I Lost My Job Due to COVID-19. Can I Modify Child Support?
The COVID-19 pandemic is hitting everyone hard. Even if you haven’t contracted the virus, your movements have been limited by it, and so have everyone else’s. In order to limit the spread of the virus, many businesses have been closed, hopefully only temporarily. With the shuttering of businesses, however, means the loss of jobs—some temporary, many permanent.
If one of those jobs was yours, you are no doubt wondering how to meet all your expenses, including child support. If you are paying child support, will you be able to adjust your payments due to your change in income? If you are receiving child support and lost your job, can child support be increased to reflect the fact that your income has changed?
Let’s take a look at the rules around modifying Utah child support, and what you can expect.
When Can Utah Child Support Amounts Be Changed?
There are two ways to change the amount of child support in your case through the courts: a motion for adjustment, and a petition for modification.
You can only file a motion for adjustment if it has been at least three years since your child support order was entered. There are three criteria to file a motion for adjustment:
- There is at least a 10% difference between your current order amount and the amount a current calculation based on child support guidelines would require;
- The difference is not temporary (temporary is defined as less than one year); and
- The amount of child support your motion proposes is consistent with Utah child support guidelines.
Many people will be unable to qualify for a motion for adjustment because their order is less than three years old. The other option for changing the amount of child support is a petition for modification.
The requirements for a petition for modification vary somewhat, depending on whether it has been at least three years since your order was entered. If it has, the requirements are similar to those for a motion for adjustment, except that the proposed support amount does not need to be consistent with child support guidelines.
If it has been less than three years since your last order was entered, there must be at least a 15% difference between the ordered child support amount and the amount required by the guidelines. There must also be a “material change” in circumstances justifying the modification. Such a change might include:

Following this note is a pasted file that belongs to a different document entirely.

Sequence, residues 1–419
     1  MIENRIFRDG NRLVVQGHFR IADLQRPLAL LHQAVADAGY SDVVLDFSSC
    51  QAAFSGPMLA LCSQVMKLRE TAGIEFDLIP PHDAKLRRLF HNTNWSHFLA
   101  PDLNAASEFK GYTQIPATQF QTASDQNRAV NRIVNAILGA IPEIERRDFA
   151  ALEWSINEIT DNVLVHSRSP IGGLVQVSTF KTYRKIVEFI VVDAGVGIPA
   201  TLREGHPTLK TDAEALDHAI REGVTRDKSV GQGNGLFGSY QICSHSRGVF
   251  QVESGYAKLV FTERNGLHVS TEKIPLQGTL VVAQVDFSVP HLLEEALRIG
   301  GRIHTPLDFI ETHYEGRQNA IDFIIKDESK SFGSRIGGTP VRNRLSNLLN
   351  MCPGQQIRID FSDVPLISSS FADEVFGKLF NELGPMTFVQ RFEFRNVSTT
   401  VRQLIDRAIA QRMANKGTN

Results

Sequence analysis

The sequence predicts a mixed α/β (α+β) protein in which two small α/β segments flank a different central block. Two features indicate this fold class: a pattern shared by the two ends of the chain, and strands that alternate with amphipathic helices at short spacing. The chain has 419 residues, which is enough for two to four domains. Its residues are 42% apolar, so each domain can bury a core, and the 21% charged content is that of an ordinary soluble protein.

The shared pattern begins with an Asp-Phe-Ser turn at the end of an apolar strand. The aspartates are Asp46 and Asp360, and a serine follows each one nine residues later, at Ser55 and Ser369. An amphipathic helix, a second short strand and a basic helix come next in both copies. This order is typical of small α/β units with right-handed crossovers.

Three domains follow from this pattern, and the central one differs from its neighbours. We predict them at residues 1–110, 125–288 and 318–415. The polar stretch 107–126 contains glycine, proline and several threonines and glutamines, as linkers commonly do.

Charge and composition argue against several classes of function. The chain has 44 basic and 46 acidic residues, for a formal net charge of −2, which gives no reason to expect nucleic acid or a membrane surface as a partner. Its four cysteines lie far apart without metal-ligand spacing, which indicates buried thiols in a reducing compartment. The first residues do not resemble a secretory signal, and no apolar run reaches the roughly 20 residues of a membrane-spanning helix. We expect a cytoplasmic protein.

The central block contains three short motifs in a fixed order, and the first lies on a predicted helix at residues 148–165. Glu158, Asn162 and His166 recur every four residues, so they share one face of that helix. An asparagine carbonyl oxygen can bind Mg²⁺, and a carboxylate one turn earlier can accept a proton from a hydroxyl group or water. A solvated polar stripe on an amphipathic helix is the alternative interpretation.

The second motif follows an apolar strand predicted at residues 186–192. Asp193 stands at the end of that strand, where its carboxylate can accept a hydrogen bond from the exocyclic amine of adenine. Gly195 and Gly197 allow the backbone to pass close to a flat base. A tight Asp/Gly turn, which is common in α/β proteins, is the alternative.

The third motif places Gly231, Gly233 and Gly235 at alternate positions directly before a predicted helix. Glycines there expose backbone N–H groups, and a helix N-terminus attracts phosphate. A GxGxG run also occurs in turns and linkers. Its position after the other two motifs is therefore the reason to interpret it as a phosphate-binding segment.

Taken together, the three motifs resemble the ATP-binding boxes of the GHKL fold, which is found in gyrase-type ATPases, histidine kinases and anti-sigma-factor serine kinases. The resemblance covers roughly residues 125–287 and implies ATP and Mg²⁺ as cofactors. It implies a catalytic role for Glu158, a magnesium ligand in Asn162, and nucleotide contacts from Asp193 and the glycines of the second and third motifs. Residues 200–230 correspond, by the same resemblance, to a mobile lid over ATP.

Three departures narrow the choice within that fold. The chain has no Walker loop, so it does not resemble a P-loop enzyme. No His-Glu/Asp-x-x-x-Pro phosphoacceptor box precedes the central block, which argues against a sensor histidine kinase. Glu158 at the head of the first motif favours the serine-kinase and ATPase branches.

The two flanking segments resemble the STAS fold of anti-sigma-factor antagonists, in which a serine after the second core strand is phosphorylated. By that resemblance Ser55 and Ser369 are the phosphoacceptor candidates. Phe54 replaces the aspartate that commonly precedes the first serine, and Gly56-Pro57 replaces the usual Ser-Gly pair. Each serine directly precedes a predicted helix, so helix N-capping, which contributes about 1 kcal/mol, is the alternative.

- A significant change in the relative wealth or assets of the parties to the child support order;
- A change of 30% or more to one party’s income;
- A major change in one party’s employment potential and/or ability to earn;
- A material change in custody;
- A change in one parent’s legal responsibility to support others;
- The emancipation of a child.
As with a motion to adjust child support, a petition to modify child support cannot be based on a temporary change. In other words, if you have been laid off from your job for six weeks, but expect to resume employment when that period is over, it might be unwise to petition to modify child support right now. Sadly, for a lot of people, there is no end in sight for their loss of income, and immediate help is needed.
The above discussion assumes that you have a Utah child support order. If you are paying child support under the order of another state, and that order is not registered in Utah, Utah courts will have no authority to modify the order. Your ability to modify the child support order will be governed by the law of the state that does have the power to change it.
If You Need to Modify Child Support During COVID-19
The COVID-19 pandemic is difficult for everyone right now, including your child and your co-parent. If your income is reduced, it is also possible that your co-parent’s income is, as well. If you think that you need to modify child support, you should consult with an experienced Utah child support attorney. Your attorney can help you assess the strength of your case and whether it makes sense to petition for a modification of child support now, or to wait. If now is the time to seek a modification, an attorney can also help you gather the evidence you need to bolster your position that a modification of child support is necessary.
If you are worried about your child support obligations during the COVID-19 pandemic, or worried that your co-parent will be unable to meet their child support obligations, we invite you to contact Barton Wood to schedule a consultation to discuss your options.